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be caused by eccentric muscle contractions or unfamiliar forms of
ities [18, 19]. In fact, biopsy analysis of eccentric strained muscle
exercise [6]. Biopsy analyses of muscles have revealed ultrastruc-
tissue has proved a loss of myofibrillar integrity with Z-band
tural lesions, including Z-band streaming and broadening, which
streaming and a disruption of sarcomeres in the myofibrils [7, 8,
destroys the sarcomeres in the myofibrils [7], a leading cause of
20] (▶ Fig. 1), which leads to further protein degradation, autop-
further apoptosis and inflammation [8, 9]. Although DOMS is con-
hagy and a local inflammatory response [9]. To explain, during
sidered as a mild type of muscle damage, it is one of the most
eccentric exercise, the external load is – under some conditions –
common reasons for compromised sportive performances. Pre-
greater than the force generated by the muscles fibres under con-
cise epidemiological data on DOMS are lacking due to a high num-
centric conditions; the muscles fibres are actively lengthened
ber of unassessed cases. Furthermore, there is still no clear-cut
[21]. Thereby, and as shown by the force-velocity relationship,
definition for the diagnosis of DOMS; there are shifting overlaps
the muscles produce more force at the same angular velocity
between muscle overload, muscle damage, and muscle injury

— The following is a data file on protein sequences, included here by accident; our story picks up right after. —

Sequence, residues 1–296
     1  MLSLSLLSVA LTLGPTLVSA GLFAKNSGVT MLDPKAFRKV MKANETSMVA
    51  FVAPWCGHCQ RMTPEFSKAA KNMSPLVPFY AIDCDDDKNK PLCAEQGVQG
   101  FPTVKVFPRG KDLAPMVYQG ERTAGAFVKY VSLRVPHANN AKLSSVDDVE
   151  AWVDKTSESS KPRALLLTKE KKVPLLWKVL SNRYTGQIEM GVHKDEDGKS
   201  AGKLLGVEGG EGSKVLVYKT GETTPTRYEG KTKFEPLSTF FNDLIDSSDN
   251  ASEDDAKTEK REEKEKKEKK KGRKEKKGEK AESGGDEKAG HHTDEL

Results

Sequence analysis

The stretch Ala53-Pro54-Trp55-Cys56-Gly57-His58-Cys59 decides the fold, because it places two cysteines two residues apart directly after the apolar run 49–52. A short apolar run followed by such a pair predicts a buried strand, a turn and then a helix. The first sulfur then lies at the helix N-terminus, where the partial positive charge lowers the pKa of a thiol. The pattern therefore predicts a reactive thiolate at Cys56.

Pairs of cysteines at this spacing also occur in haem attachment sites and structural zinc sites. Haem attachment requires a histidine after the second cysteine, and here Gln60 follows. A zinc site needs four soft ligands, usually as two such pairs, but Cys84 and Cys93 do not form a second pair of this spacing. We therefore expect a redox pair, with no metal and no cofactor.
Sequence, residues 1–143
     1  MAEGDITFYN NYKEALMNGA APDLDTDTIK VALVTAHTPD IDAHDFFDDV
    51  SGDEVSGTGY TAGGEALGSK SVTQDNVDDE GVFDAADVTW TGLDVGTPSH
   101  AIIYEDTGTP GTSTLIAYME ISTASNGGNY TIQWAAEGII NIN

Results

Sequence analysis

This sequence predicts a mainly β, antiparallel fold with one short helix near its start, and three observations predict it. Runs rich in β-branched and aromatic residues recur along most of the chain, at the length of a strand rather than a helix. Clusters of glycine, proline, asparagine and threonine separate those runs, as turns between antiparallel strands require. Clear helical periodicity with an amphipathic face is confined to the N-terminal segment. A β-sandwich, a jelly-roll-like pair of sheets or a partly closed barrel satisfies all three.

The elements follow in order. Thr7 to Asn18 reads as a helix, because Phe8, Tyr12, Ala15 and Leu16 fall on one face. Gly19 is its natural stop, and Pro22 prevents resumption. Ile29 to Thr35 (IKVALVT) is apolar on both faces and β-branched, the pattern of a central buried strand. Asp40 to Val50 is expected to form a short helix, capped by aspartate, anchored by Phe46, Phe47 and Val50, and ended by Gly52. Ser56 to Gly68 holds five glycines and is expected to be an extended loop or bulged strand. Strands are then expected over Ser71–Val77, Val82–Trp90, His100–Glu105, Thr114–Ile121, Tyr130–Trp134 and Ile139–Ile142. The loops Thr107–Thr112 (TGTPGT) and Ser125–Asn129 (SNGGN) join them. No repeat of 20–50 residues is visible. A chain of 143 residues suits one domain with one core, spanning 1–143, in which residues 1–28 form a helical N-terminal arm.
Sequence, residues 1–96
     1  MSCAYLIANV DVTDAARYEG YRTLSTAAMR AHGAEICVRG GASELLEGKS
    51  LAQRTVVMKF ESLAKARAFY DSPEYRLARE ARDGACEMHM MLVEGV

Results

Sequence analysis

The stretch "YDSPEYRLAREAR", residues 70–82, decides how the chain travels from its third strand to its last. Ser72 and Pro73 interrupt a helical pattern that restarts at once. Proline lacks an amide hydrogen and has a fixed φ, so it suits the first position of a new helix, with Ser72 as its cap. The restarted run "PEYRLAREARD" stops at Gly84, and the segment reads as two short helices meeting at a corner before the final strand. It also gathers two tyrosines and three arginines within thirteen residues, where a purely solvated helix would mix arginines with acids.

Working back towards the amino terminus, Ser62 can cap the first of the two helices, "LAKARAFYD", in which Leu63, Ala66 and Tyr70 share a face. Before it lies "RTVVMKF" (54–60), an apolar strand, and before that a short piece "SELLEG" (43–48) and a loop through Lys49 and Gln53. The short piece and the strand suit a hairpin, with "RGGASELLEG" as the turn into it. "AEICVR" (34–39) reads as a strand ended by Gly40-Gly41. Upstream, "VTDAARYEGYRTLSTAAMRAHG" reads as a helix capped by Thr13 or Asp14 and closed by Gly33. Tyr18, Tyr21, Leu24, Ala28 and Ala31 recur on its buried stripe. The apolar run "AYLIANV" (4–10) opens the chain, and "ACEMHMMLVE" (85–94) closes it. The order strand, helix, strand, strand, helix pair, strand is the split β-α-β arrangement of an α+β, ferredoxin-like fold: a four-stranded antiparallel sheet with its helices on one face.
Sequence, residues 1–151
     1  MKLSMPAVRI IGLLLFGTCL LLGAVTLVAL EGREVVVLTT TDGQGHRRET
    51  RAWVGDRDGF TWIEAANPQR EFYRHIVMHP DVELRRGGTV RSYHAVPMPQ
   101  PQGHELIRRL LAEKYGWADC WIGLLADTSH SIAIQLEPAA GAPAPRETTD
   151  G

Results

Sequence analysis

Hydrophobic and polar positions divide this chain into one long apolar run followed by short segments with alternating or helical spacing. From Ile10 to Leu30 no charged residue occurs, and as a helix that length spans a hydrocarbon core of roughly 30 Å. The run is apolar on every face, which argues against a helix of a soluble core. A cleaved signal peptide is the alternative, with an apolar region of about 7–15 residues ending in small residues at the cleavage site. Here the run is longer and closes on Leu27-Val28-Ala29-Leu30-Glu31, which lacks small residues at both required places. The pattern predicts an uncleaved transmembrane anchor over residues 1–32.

than during active shortening (i. e., concentric exercise) [22].
[5]. In recent years, DOMS has received increased scientific atten-
While the detailed reasons for this phenomenon are beyond the
tion, particularly, concerning the pathophysiological process, ima-
scope of this review, the higher muscular force is caused by
ging modalities or recovery interventions [10]. DOMS is associat-
“active-muscle” (i. e., more number of active cross-bridges) [23]
ed with impaired muscular force capacities and increased
and, in particular, by “passive-elastic” factors (i. e., Ca2 + triggered
soreness, pain, stiffness, and swelling, and also with some altered
increased stiffness of titin and its winding on actin) [24], which
biomechanics to the adjacent joints [11 – 13]. Clinical signs are
cause elastic energy to be stored and released [21], as described
highly variable. They range from mild forms of muscle soreness,
in the three-filament model and winding filament hypothesis
that subside with moderate activity, to pain and the inability to
elsewhere [25]. However, during eccentric exercise, and mainly
perform certain movements [13]. Thereby, in elite sports, recov-
due to spinal inhibition [26], less [27] and predominantly fast
ery interventions may play a key role in professional sports.
twitch motor units are recruited [28], consisting of type II muscle
Prevention and treatment of DOMS, implying the recovery from
fibres that are more damageable than type I fibres [29]. Overall,